How to manage ideas effectively - without discouraging your team.


Ideas are food for innovative organizations. If our team is not engaged or does not care about their work and the mission of our company they will not participate in generating ideas to improve and beat the competition.

It’s often said that “there are no bad ideas”, and this is conceptually correct but we all know that it’s impossible to only have good ideas. This phrase is used to invite all members of an organization to participate and contribute to improving and building better tools and processes.

Of course, not all ideas are good, or even fit our OKRs (Objectives and Key Results). And we might have so many good ideas from our organization it's impossible to work on all of them.

So while we want everyone to ideate and participate we can not realistically dive deep into all the ideas. We need solid systems and tools to create a thriving and active flow of good and not-so-good ideas.

Being genuinely for idea generation

Although it sounds good to say we have an organization with an open idea pipeline many companies don't carry through this to an effective implementation. It's not that we don't mean it, but building a healthy idea flow is not as easy as it sounds.

If you’re not going to use any of my ideas then why should I even bother?

And leaders need to genuinely believe that more ideas from our team will make the whole organization more innovative and successful. Not having conviction from the leadership will cause a conundrum where team members continue providing ideas and very few of the ideas are actually accepted by management.

It’s also not a secret that a large number of ideas or proposals by "management" are also not good and eventually fail, often slower than they should! But since the management have final say on decisions, specially when it comes to allocation of resources and funds they pick what seems to be the right move, in majority of organizations.

A solid idea management and experimentation system will help every team and organization perform better.

A simple hack: Change the conversation from Personal to Experiments

One key change I've seen work is to start by looking at all ideas as potential experiments and run them thru a disciplined process. Not a months long process (might be needed for very large investments or non-reversible decisions) but disciplined, data-informed and faster.

It's important to train ourselves and our team to structure ideas correctly and more completely. This is why the Amazon narrative (Six Pager) style of idea communication is so effective. Although a typical Six Pager can take from weeks to months to complete it is possible to expedite the process significantly using the right tools. The best idea management process will have multiple steps in collaboratively guiding the team through structuring their ideas in progressively more complete flow with grading and yes/no gates along the way.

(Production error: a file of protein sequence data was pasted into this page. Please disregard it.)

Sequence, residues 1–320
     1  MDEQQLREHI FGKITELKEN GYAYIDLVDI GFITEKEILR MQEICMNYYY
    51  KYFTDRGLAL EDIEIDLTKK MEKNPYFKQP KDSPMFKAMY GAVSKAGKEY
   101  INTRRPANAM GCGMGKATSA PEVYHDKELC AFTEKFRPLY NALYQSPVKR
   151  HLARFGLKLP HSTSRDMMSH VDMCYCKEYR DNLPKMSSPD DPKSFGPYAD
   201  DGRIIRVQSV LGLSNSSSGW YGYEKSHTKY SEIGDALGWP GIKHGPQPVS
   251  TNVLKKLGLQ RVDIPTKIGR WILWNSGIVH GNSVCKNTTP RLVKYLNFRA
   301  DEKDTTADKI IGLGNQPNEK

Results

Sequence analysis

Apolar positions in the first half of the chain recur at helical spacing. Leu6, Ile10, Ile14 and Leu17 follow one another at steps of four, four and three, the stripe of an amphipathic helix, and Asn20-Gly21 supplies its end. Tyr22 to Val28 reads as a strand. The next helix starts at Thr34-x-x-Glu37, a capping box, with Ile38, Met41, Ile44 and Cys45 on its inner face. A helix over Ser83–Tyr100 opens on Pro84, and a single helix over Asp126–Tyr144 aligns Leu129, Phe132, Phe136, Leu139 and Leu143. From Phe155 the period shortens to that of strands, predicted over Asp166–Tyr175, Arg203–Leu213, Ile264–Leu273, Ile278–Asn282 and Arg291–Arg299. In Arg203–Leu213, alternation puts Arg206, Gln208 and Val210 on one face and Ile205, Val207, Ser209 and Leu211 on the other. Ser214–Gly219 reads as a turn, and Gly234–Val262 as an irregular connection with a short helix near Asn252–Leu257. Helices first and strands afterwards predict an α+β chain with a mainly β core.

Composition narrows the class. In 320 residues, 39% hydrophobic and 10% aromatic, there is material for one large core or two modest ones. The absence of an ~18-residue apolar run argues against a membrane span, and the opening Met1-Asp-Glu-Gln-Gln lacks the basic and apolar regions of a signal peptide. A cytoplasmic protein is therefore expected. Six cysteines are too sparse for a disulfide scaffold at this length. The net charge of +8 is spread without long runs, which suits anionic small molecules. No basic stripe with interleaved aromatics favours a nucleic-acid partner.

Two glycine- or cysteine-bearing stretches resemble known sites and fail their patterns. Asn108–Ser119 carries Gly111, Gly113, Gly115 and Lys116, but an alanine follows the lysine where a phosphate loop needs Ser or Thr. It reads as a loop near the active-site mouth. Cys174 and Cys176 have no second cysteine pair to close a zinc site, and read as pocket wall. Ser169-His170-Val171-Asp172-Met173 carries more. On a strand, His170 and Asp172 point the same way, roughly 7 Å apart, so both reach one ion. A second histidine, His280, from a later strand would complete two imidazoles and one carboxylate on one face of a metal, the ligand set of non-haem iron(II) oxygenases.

A robust idea management system is not rocket science! Many teams try to implement this but the tools become a challenge because using Word, Excel, Powerpoint, email, Slack, SMS and one of more task management and other tools add so much "tool overload" to the team and and data-friction to the entire process it ends up being a zombie. Key is to use AS FEW TOOLS AS POSSIBLE.

This way the entire process will seem (be) more objective and will empower the whole organization to contribute. It’s a way to take the “personal” out decisions in a large majority of cases which is a significant improvement over status quo. Humans get emotionally attached to their creations, even if only an idea and handling rejection is a huge challenge for most of us. And we are not even aware of this in majority of cases. So instead of spending time and energy on un-measurable ideas and conversations let the experiment and data help. Release personal tension too.

Here's an example conversation in a typical meeting:

Mary: we are starting to see new customers from areas outside our key local market, how should we handle this?

John: we need to expand to New York to capture more market share. (multiply by 10 or more depending on the number of attendees)

Mary: that's a great idea John why don't you complete the "level-1 Idea Form" and we'll see how it stacks up for an experiment.

John: awesome thanks Mary, I'll definitely do that.

Notice how adding the word experiment immediately brings out the inherent risk in all new ideas. This is not to discourage people from vocalizing their ideas, actually the opposite. But forming the thought into a potential experiment, along a good idea management system, will significantly increase the quality of good ideas in the org, and make it actually possible to consider and evaluate all ideas to some degree.

Using this technique significantly reduces number of ideas people just say without thinking about the details, and increase number of quality, thought-thru ideas - this is what a win-win situation looks like.

And by the way: we should absolutely START WITH OURSELVES! Before expecting your team to get good at this method we need to practice it ourselves. We need to learn and teach by showing rather than just telling. And also expect (actually encourage) to be called out when we step outside the guidelines as even if we're the CXO.

This is precisely what we are aiming to do at Experinator and would love to work with your organization to share our lessons. The more experiments you do and the faster each experiment, the more competitive you will be.

Do you believe in the power of experiments? We are looking for great team members to help take Experinator to the next level. If you are passionate about helping teams and organizations ideate better, make better decisions and become master experimentors I'd love to hear from you.